Private (Pvt.) Ralph Rodriguez, age 25, of the 200th Coast Artillery Battalion was a Bataan Death March survivor. According to Rodriguez, the Japanese ordered the American soldiers to begin marching. Soldiers who faltered during the march were prodded with bayonets, while those unable to continue were killed. He remembered a sense of brotherhood among the Hispanic soldiers who marched together in groups, and assisted each other along the way. When the soldiers reached their detention center, they were forced into a 30-by-100 foot fenced area. Later, the soldiers were forced into boxcars. One hundred soldiers were crammed into a car built to hold 40 or 50 men. The train took the soldiers on a four-hour ride to Camp O'Donnell where they became prisoners of war.
Corporal Agapito E. "Gap" Silva (1919–2007), was another member of the 200th Coast Artillery Battalion who survived the Bataan Death March. He was held at Cabanatuan prison camp in the Philippines and assigned to the "burial details" when hundreds of prisoners were dying each month of disease and starvation. He was later transported to Fukuoka POW Camp #17, a Japanese prison camp near Omuta, Japan. There he was forced to work as a slave laborer in a coal plant. Silva narrated the following about his experiences as a prisoner of war:
Silva and more than 1,900 American POWs were forced to work in coal mine camps encircled by electrical fences. Silva would spend 3½ years in the Japanese POW camps before the war ended in September 1945. He was the recipient of the Bronze Star and Purple Heart Medal.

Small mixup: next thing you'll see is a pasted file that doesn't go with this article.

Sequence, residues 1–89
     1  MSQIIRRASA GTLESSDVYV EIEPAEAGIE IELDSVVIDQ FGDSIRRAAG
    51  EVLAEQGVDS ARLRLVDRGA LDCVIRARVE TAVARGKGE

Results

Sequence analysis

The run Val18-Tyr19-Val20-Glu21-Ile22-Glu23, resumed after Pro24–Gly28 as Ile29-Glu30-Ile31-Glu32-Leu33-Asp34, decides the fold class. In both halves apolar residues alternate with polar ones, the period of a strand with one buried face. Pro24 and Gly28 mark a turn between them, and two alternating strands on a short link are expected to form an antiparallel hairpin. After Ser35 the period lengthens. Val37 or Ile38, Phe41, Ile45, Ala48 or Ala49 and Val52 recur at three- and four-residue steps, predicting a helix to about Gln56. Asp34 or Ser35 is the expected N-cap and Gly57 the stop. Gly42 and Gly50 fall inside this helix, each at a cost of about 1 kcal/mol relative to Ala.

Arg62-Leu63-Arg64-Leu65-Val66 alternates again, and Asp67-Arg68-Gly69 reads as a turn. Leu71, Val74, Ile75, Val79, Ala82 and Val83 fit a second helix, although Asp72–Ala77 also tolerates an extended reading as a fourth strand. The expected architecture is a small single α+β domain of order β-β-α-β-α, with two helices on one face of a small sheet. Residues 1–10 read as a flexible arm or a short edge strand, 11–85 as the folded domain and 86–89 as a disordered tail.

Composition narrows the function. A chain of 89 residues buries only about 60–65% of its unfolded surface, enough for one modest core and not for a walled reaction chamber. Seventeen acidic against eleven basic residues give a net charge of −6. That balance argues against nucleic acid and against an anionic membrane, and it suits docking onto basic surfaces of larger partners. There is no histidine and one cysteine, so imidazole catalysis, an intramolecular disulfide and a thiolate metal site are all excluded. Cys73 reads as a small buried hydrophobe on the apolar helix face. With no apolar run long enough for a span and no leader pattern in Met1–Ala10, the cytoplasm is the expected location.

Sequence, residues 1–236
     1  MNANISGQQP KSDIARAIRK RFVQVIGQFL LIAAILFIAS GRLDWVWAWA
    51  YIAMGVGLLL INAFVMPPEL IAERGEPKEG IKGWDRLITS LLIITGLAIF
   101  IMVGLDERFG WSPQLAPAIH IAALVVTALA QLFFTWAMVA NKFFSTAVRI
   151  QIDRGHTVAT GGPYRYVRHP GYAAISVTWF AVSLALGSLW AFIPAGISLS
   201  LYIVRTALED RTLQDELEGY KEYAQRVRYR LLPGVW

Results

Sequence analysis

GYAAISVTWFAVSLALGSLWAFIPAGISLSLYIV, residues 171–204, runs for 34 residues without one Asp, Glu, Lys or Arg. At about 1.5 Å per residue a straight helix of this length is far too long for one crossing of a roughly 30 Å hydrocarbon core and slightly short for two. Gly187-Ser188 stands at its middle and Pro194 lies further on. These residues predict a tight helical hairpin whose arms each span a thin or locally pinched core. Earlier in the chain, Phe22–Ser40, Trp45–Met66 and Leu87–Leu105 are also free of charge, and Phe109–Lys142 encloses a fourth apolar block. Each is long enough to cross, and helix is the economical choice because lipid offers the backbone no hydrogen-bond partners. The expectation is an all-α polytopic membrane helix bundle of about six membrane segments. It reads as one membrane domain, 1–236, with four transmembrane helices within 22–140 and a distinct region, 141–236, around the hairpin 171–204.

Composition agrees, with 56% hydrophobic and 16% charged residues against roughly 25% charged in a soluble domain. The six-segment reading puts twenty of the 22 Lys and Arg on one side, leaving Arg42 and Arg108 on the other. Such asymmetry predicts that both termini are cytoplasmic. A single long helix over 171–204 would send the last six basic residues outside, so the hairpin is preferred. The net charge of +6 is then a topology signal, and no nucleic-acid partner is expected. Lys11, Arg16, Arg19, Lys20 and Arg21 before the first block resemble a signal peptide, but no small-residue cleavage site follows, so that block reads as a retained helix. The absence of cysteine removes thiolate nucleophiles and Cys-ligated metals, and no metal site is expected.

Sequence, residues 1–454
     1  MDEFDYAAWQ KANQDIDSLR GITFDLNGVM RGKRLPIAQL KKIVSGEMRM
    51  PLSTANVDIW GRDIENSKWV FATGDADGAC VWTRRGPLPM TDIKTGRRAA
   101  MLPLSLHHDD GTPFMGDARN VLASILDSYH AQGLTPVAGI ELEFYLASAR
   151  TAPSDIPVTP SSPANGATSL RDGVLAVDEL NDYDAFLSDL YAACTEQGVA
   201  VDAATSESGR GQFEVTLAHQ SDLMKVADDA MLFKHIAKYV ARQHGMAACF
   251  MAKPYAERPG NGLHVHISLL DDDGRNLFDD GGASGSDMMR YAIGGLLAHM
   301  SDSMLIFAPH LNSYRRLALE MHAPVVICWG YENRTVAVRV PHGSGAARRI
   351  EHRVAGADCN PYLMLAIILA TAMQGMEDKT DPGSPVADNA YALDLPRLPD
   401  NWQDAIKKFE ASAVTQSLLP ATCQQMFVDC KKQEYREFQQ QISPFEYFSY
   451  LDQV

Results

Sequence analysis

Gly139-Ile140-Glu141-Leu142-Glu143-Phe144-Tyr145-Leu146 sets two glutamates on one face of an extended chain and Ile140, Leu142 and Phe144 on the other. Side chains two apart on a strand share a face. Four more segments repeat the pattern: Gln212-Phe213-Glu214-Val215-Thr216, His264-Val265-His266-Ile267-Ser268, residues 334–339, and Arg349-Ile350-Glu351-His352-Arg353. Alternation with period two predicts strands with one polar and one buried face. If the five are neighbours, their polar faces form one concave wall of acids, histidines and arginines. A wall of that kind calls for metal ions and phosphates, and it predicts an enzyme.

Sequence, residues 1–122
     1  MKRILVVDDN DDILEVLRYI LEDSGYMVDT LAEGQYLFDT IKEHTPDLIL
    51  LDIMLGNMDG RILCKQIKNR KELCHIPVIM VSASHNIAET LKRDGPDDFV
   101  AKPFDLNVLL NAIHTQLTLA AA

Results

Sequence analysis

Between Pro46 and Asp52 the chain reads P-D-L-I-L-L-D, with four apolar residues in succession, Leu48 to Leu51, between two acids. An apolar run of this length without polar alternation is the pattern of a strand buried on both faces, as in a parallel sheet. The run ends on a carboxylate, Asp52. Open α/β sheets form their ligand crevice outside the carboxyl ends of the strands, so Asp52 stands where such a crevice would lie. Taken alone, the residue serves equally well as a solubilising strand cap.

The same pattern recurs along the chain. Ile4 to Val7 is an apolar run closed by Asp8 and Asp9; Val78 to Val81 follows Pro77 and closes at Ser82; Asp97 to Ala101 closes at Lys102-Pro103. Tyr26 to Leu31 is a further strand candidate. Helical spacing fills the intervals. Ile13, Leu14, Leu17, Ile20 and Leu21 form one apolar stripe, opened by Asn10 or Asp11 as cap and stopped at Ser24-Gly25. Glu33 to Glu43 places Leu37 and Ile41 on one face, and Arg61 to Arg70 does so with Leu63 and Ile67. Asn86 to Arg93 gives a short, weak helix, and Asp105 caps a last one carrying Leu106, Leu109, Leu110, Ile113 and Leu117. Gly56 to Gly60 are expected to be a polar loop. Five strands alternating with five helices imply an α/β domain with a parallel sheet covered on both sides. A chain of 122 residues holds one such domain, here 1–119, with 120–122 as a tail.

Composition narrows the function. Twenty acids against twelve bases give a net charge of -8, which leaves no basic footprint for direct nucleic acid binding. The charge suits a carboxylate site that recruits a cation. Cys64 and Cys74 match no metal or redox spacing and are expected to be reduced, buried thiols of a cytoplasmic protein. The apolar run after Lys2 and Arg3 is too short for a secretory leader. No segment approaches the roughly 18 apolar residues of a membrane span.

The 158th Regimental Combat Team, an Arizona National Guard unit of mostly Hispanic soldiers, also fought in the Pacific Theatre. Early in the war, the 158th, nicknamed the "Bushmasters", had been deployed to protect the Panama Canal and had completed jungle training. The unit later fought the Japanese in the New Guinea area in heavy combat and was involved in the liberation of the Philippine Islands. General MacArthur referred to them as "the greatest fighting combat team ever deployed for battle." The 158th was selected to spearhead the invasion of Japan and was sent to attack the island of Tanega Shima to silence Japanese air warning stations. The planned invasion of Japan was never realized; after Japan's surrender, the unit was sent on October 13, 1945 to Yokohama, Japan as part of the United States Army of occupation.